I hope that wherever you’re reading this from, you are healthy and safe. I am sure most of us are still trying to comprehend the fact that we’re living through one of the most historical moments in our lifetime, or maybe even the century. And all of us, from the richest to the poorest, are affected by the coronavirus, to varying degrees. But during challenging times like these, we have to stay positive!
So for those of us blessed with the ability to stay at home, I want to share my writing. I hope that these words can bring a moment of reflection for both you and me.
Because on Friday Ramadhan will start, I want to share an essay I wrote about World Hijab Day, which is on February 1st every year. 🙂
Hi, beautiful people! 🙂 Honestly, there are times when I feel like I have no right to write, that my words don’t matter to the universe. That these frail sentences won’t matter to anyone but myself, as a way of letting go of the feelings that pent up inside my heart or as a way to express the things I can’t control or put in order. Yet, I promised someone important that I will write more regularly. So, dear reader, despite the doubt, I will do just that. Starting with… a recap of January!
School has been pulling me in like the tides of the sea that draw in sand–eroding the land ever so slightly until one day there’s no land left. But don’t worry, I won’t drown! Once I told you about the subjects I’m taking, right? Well, I forgot to mention how I changed a lot of things. The subjects I’ll permanently take over these two years are Biology HL, Economics HL, English A Literature HL, ESS (Environmental Systems and Societies), Math SL, and Chinese ab initio. HL means higher level, meaning there are more class hours dedicated for it, hence it’s more rigorous. IB is… demanding. It feels like a never-ending stack of homework or that pile of laundry that you keep putting off. It’s manageable though, don’t worry. And as much as people talk about how little they sleep or how stressed they are, I believe that if you can discipline yourself you’ll do fine…kinda. Hehe.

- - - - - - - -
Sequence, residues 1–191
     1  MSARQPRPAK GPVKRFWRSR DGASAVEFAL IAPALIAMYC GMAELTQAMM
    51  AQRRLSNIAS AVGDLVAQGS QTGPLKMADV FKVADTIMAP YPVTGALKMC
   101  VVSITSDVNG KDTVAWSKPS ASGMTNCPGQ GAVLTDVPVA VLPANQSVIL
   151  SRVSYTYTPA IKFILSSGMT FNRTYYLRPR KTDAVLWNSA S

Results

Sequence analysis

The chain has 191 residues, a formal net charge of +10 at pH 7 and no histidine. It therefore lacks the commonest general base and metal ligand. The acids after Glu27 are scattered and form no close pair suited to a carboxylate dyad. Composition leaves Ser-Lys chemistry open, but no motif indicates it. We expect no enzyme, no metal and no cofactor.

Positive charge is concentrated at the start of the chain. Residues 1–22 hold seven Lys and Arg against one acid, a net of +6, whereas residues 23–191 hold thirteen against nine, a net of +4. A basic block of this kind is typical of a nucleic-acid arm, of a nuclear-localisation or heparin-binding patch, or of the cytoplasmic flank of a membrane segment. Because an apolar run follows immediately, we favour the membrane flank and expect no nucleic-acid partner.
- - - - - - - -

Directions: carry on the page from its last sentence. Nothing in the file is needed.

When asked about my reasons for wearing a hijab, I answered, “It’s what good Muslim women should do.”
The questioner was quick to respond. As she voiced her opinion of my textbook answer, I immediately regretted my words. The reason for regret was that I didn’t always wear a hijab. I might be what some people would call kerdus or cardboard, a negative term used to describe on-off wearers of the garment. Moreover, as my questioner pointed out, there are good Muslim women who don’t wear a hijab.
Then where was the fault? Did the reluctance to wear a hijab mean I was a bad Muslim? Or was there something inherently wrong in the statement itself?